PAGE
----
• 8 Moreover, defense counsel never represented to the court that the witness had in fact ever lied to a physician as part of a scheme to obtain drugs. Instead, counsel admitted that he was just fishing. Under these circumstances it would have been improper to permit counsel to ask a series of questions which would have implied that the witness actually had lied to a physician to get drugs. See ABA Standards, The Defense Function sec. 7.6(d), at 132; ABA Standards, The Prosecution Function sec. 5.7(d), at 98 (1974 comp.) ("It is unprofessional conduct to ask a question which implies the existence of a factual predicate which the examiner knows he cannot support by evidence.")
IV. Impeachment with Prior Convictions
• 9 Defendant argues that the trial court erroneously precluded the defense from impeaching Belinda Hunt with evidence that she had been convicted of armed robbery within the prior 10 years.
We agree that the trial court erred, but we find that the error is harmless.
Under People v. Montgomery (1971), 47 Ill.2d 510, 268 N.E.2d 695 (adopting the 1971 Revised Draft of the proposed Federal Rule of Evidence 609), it was proper to exclude evidence of Hunt's prior felony conviction only if the probative value of this evidence was substantially outweighed by the danger of unfair prejudice. In contrast with the 1971 Draft, the present Rule 609(a), as amended and enacted by Congress, provides that, except for crimes involving dishonesty or false statement, the court can preclude impeachment by evidence of a felony conviction only if "the court determines that the probative value of admitting this evidence outweighs its prejudicial effect to the defendant." (Emphasis added.) Fed. R. Evid. 609(a) (1975).
The Congressional Conference Committee which approved this limitation filed a report which states:
"The danger of prejudice to a witness other than the defendant (such as injury to the witness' reputation in his community) was considered and rejected by the Conference as an element to be weighed in determining admissibility. It was the judgment of the Conference that the danger of prejudice to a non-defendant witness is outweighed by the need for the trier of fact to have as much relevant evidence on the issue of credibility as possible. Such evidence should only be excluded where it presents a danger of improperly influencing the outcome of the trial by persuading the trier of fact to convict the defendant on the basis of his prior criminal record." House Report No. 93-1597; Fed. R. Evid. 609, Conference Committee Notes, 28 U.S.C.A. 286-87 (1975).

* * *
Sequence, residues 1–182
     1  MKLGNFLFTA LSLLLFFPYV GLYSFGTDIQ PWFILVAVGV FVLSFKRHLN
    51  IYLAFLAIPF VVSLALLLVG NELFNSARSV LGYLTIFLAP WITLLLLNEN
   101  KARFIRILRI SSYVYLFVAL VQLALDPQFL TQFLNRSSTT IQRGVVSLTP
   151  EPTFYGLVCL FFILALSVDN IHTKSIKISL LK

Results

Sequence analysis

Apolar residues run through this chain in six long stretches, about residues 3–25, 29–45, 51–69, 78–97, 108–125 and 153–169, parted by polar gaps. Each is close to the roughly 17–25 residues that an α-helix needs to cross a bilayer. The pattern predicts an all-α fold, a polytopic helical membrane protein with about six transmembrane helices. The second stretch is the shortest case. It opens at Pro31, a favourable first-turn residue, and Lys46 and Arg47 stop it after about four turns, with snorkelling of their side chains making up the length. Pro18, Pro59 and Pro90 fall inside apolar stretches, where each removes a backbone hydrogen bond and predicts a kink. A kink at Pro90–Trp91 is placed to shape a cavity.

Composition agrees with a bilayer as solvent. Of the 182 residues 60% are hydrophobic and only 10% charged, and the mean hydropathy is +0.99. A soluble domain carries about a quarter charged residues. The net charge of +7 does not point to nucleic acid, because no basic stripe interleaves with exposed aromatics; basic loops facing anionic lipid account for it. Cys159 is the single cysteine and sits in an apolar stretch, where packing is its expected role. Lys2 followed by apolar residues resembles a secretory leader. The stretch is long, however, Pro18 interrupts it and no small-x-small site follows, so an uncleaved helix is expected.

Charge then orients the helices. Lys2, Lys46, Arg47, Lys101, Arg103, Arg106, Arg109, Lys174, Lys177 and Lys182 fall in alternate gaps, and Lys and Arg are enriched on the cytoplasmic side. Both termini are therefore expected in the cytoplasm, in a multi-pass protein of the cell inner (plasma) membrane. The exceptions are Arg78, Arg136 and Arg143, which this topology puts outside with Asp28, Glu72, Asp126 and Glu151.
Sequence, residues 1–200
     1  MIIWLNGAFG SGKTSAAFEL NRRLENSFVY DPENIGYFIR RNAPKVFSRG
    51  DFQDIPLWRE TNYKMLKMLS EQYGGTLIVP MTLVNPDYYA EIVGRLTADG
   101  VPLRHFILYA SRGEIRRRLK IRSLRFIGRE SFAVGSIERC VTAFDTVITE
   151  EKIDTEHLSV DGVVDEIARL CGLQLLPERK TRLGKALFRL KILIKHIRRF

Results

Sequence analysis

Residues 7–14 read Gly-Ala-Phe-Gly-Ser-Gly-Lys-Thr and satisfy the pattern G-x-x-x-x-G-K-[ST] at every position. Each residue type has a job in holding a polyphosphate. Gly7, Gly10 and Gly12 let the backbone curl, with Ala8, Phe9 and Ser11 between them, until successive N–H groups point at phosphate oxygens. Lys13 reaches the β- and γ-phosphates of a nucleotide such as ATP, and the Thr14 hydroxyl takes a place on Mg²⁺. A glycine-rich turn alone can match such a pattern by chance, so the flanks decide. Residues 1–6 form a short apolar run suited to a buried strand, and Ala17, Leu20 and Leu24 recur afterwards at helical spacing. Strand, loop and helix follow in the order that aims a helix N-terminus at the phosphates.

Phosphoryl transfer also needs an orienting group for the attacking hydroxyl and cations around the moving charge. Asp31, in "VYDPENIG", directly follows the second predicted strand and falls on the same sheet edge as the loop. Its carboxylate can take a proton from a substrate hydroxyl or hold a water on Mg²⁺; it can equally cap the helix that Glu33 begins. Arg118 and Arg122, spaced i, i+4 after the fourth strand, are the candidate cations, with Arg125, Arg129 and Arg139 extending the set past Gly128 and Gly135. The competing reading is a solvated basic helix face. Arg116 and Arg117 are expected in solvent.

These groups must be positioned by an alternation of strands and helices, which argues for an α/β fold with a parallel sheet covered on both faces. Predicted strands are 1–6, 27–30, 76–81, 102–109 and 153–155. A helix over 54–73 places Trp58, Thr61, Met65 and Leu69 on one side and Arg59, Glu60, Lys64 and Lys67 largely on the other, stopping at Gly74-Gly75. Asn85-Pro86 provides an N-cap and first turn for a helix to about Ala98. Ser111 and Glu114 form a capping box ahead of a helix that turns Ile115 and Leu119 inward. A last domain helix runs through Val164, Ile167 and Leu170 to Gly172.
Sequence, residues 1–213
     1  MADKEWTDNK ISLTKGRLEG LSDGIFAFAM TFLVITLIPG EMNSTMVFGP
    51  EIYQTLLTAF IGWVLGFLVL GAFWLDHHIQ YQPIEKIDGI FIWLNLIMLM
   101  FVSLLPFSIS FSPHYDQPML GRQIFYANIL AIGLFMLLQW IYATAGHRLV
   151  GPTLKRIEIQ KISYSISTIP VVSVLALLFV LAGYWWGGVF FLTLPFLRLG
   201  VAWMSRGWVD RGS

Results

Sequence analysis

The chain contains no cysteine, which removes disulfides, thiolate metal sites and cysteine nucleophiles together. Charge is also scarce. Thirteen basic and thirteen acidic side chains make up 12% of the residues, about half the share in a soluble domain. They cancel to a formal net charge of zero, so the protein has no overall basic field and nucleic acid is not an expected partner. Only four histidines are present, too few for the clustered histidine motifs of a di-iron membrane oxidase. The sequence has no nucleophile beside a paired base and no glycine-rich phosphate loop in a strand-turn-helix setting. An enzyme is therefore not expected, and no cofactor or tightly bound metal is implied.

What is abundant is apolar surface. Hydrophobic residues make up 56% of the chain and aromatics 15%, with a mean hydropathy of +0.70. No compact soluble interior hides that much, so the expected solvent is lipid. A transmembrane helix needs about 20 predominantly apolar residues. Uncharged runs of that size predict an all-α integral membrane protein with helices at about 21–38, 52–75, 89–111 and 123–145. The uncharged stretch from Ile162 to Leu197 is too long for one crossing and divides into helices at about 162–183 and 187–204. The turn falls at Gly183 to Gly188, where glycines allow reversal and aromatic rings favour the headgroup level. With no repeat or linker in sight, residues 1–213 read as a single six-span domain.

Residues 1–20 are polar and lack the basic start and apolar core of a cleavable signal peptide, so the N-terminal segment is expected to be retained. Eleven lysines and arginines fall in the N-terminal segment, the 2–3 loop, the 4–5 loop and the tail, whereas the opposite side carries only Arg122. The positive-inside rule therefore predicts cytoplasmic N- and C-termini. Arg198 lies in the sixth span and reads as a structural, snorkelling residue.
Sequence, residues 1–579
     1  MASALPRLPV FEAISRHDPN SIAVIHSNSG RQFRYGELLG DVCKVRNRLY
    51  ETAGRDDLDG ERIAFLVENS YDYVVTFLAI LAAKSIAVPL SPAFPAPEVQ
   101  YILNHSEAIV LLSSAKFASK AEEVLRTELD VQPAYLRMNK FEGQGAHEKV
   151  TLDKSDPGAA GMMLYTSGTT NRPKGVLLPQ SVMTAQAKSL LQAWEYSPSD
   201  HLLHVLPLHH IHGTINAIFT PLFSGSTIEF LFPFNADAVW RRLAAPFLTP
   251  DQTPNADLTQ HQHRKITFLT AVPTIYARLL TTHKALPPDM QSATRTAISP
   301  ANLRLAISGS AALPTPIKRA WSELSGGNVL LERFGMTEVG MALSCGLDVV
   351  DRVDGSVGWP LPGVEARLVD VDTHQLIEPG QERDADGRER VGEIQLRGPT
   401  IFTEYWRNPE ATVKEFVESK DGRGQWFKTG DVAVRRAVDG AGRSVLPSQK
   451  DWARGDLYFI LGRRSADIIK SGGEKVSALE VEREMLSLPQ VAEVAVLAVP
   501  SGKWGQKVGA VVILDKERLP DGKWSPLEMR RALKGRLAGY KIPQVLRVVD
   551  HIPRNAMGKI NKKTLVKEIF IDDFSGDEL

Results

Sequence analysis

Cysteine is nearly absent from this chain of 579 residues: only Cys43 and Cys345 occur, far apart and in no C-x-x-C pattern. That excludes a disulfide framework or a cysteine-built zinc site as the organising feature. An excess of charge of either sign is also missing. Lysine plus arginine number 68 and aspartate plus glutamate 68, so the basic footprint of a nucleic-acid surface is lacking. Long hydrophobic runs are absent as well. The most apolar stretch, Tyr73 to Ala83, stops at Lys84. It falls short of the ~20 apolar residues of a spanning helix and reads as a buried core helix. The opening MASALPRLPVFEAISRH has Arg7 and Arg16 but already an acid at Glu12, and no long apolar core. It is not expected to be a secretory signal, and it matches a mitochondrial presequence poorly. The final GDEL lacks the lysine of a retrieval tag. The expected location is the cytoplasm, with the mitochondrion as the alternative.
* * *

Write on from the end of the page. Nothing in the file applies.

• 10 The committee's analysis is persuasive, but the version of Rule 609 adopted by the Illinois Supreme Court does not include the limiting language found in the Federal rule. Illinois law therefore permits trial courts> to exercise discretion in deciding whether to preclude impeachment of prosecution witnesses with evidence of prior convictions. Nevertheless, "The duty of the prosecutor is to seek justice, not merely to convict" (ABA Standards, The Prosecution Function sec. 1.1(c), at 83 (1974 comp.)), and it is difficult to conceive of a case in which the danger of unfair prejudice to the prosecution or its witnesses would substantially outweigh the probative value of evidence that such witnesses had been convicted of felonies or crimes involving dishonesty.
In the present case, the prosecution does not even argue that it, or its witness, would have been unfairly prejudiced by the excluded impeachment. We therefore conclude that the trial court erred when it excluded evidence of Belinda Hunt's felony conviction. However, Hunt admitted that she had been a narcotics addict and a prostitute for more than a decade, and the jury was well aware that she committed crimes day in and day out for more than 10 years.
Under the circumstances of this case, the jury inevitably concluded that if Hunt had avoided any felony convictions despite years of daily heroin injections, it could only have been due to luck. Thus, it would have been cumulative to present evidence that, in addition to her multitude of other crimes, Hunt had also been convicted of armed robbery. In light of the evidence of Hunt's extensive criminal career, the error in excluding evidence of this additional crime was harmless.